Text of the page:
Isa 55:1 “Come, all you who are thirsty, come to the waters; and you who have no money, come, buy and eat! Come, buy wine and milk without money and without cost.

Isa 55:2 Why spend money on what is not bread, and your labor on what does not satisfy? Listen, listen to me, and eat what is good, and your soul will delight in the richest of fare.

Isa 55:3 Give ear and come to me; hear me, that your soul may live. I will make an everlasting covenant with you, my faithful love promised to David.

Isa 55:4 See, I have made him a witness to the peoples, a leader and commander of the peoples.

Isa 55:5 Surely you will summon nations you know not, and nations that do not know you will hasten to you, because of the LORD your God, the Holy One of Israel, for he has endowed you with splendor.”

Isa 55:6 Seek the LORD while he may be found; call on him while he is near.

Seek the Lord – ‘Two men please God – who serves him will all his heart because he knows him; who seeks him with all his heart because he knows him not.’ (Panin)

Isa 55:7 Let the wicked forsake his way and the evil man his thoughts. Let him turn to the LORD, and he will have mercy on him, and to our God, for he will freely pardon.

Let the wicked forsake his way – ‘Observe, before pardon can be sealed, he must forsake not this sin or that, but the whole law of sin. ‘Let the wicked forsake his way.’ A traveller may step from one path to another, and still go on the same way, leave a dirty, deep, rugged path, for one more smooth and even; so many finding some gross sins uneasy, and too toilsome to their awakened consciences, stop into a more cleanly path of civility; but alas! poor creatures, all they get is to go a little more easily and cleanly to hell, than their beastly neighbours.’ (William Gurnall)

He will freely pardon – ‘In agonies of conscience that arise from the greatness of thy sins, fly for refuge into the almighty power of God. Truly, sirs, when a man’s sins are displayed in all their bloody colours, and spread forth in their killing aggravations, and the eye of conscience awakened to behold them through the multiplying or magnifying glass of a temptation, they must needs surprise the creature with horror and amazement, till the soul can say with the prophet, for all this huge host, ‘There is yet more with me than against me.’ One Almighty is more than many mighties. All these mighty sins and devils make not any almighty sin, or an almighty devil. Oppose to all the hideous charges brought against thee by them, this only attribute.’ (Gurnall)

Isa 55:8 “For my thoughts are not your thoughts, neither are your ways my ways,” declares the LORD.

Isa 55:9 “As the heavens are higher than the earth, so are my ways higher than your ways and my thoughts than your thoughts.

Isa 55:10 As the rain and the snow come down from heaven, and do not return to it without watering the earth and making it bud and flourish, so that it yields seed for the sower and bread for the eater,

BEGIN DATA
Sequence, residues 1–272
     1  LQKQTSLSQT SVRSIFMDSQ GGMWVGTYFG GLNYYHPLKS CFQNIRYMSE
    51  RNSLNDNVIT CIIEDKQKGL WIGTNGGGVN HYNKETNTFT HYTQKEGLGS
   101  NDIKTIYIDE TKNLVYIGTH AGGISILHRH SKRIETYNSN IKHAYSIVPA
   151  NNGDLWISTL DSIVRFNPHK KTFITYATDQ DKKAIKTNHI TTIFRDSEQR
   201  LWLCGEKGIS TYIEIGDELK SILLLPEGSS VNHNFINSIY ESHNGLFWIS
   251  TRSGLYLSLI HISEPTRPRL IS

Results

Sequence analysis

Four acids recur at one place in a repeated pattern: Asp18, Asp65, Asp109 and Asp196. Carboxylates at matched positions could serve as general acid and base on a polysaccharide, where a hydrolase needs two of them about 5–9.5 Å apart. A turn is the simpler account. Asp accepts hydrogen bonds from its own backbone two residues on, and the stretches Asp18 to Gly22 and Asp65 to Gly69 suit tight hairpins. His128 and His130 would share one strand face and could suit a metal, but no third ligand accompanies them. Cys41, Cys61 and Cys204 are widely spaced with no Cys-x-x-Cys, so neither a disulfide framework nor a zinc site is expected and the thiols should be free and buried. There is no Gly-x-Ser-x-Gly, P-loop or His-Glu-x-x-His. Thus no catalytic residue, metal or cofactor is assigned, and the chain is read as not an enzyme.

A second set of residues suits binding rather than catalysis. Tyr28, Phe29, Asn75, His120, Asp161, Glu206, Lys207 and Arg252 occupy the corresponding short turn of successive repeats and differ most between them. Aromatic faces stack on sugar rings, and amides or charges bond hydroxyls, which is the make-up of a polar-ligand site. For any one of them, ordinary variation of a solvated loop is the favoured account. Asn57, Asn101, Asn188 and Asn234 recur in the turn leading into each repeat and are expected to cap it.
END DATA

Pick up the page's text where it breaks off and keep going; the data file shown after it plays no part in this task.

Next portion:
Isa 55:11 so is my word that goes out from my mouth: It will not return to me empty, but will accomplish what I desire and achieve the purpose for which I sent it.

Isa 55:12 You will go out in joy and be led forth in peace; the mountains and hills will burst into song before you, and all the trees of the field will clap their hands.

Isa 55:13 Instead of the thornbush will grow the pine tree, and instead of briers the myrtle will grow. This will be for the Lord’s renown, for an everlasting sign, which will not be destroyed.”

‘I passed by a plot of land which some landowner had been enclosing, as those rascals always will filch every morsel of green grass. But I noticed that the enclosers had only fenced it in, but had not dug it up, nor plowed it, nor planted it. And though they had cut down the gorse, it was coming up again. Of course it would, for it was still a meadow, and a bit of fence or rail could not alter it. The gorse would come peeping up, and before long the enclosure would be as wild as the heath outside.

But this is not God’s way of working. When God encloses a heart that has laid open to sin, does he cut down the thorns and the briars and then plant fir trees? No-he changes the soil so that from the ground itself, from its own vitality, the fir tree and the myrtle spontaneously start up. This is a most wonderful result. If a man remains at heart the same godless man, you can mend his habits, make him go to church, clothe him, keep him away from alcohol, and teach him not to talk filthily, and then say, “He’s now a respectable man.” But if these outward respectabilities and rightnesses are only skin deep, you have done nothing. At least, what you have done is nothing to be proud of. But suppose this man can be so changed that just as freely as he was accustomed to curse he now delights to pray, and just as heartily as he hated religion he now finds pleasure in it, and just as earnestly as he sinned he now delights to be obedient to the Lord. This is a wonder, a miracle which man cannot accomplish, a marvel which only the grace of God can work and which gives God his highest glory.’ (Spurgeon)